Director: John McNaughton
It will be a pity if Henry Portrait of a Serial Killer comes to be known for the controversy it has sparked rather than its qualities as a piece of filmmaking. As Caryn James in The New York Tunes remarked, "It is profoundly disturbing, even more for the questions it raises about the use of film than for the mutilated bodies that litter the screen "
The film is loosely based on the true life story of Henry Lee Lucas, now on death row in Texas, who once confessed to several hundred murders One of the film's strengths is the refusal to 'explam' Henry's behaviour Director John McNaughton's essential point is the futility of thinking Henry can be understood.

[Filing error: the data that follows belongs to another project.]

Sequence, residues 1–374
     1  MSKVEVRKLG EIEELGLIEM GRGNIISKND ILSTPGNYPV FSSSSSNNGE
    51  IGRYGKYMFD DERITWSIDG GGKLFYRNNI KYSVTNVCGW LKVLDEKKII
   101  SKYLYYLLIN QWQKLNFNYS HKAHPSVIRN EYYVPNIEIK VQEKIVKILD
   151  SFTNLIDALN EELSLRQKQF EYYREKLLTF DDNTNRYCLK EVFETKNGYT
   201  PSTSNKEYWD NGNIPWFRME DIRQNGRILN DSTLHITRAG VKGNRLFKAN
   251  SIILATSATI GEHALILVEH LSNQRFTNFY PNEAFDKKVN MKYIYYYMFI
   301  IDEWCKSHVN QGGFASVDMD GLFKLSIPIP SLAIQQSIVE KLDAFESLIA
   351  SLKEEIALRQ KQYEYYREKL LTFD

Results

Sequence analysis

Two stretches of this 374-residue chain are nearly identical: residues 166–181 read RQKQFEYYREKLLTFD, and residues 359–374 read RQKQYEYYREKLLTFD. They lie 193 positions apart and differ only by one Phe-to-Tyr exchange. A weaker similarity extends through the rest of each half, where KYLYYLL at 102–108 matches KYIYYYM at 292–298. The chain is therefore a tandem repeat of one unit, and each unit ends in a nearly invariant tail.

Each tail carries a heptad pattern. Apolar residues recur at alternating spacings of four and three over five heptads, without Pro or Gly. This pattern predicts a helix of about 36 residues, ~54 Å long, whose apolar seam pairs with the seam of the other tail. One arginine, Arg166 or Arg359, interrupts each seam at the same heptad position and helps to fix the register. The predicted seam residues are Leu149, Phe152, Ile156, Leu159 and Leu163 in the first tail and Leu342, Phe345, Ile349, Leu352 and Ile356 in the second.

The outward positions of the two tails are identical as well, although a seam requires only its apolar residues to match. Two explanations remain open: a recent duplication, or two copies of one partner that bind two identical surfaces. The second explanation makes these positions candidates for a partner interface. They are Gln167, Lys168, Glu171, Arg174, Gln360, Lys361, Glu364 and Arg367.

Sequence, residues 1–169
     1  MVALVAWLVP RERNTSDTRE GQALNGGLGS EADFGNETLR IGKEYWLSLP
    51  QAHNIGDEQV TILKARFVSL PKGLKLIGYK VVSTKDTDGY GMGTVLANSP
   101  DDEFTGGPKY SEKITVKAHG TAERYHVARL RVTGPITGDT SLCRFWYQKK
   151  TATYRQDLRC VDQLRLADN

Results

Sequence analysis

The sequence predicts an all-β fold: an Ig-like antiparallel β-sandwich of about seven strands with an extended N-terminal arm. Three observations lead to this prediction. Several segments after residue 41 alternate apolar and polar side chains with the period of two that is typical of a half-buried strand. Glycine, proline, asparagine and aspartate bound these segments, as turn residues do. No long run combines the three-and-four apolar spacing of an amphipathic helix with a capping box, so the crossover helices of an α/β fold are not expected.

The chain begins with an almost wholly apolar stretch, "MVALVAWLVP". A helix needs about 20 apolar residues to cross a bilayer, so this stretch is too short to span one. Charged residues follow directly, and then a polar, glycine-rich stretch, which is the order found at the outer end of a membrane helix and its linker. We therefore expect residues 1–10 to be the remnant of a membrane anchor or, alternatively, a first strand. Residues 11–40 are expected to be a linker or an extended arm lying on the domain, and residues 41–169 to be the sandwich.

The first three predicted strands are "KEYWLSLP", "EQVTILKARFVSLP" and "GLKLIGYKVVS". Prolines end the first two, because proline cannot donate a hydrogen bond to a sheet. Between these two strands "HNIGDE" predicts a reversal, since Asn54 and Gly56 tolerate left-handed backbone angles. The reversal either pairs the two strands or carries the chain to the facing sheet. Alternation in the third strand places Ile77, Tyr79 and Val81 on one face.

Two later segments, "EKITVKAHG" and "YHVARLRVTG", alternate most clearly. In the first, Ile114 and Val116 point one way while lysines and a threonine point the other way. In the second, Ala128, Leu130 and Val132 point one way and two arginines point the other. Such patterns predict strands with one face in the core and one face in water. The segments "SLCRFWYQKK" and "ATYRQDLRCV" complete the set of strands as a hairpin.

Michael Rooker plays the drifter and ex-con Henry with astonishing calm and control. Unlike most cinematic murderers, his madness is not signposted, he kills with a near-natural ease. He meets up with an old prison buddy, Otis (Tom Towles) Henry introduces him to the pleasures of random killing and falls in love with his sister Becky (Tracy Arnold) who, like Henry, was raised in a home of unrelenting violence and cruelty.
The version screening here was classified 'R' by the Australian censor only after 9 cuts totalling 96 seconds were made. Nonetheless, the film's power remains intact and undeniable In one extraordinary sequence, Otis videotapes the massacre of a family, and later watches it again in slo-mo Ifs a moment of self-reflection that opens wide the mass of contradictions and paradoxes behind an audience's voluntary submission to the camera's gaze, regardless of how.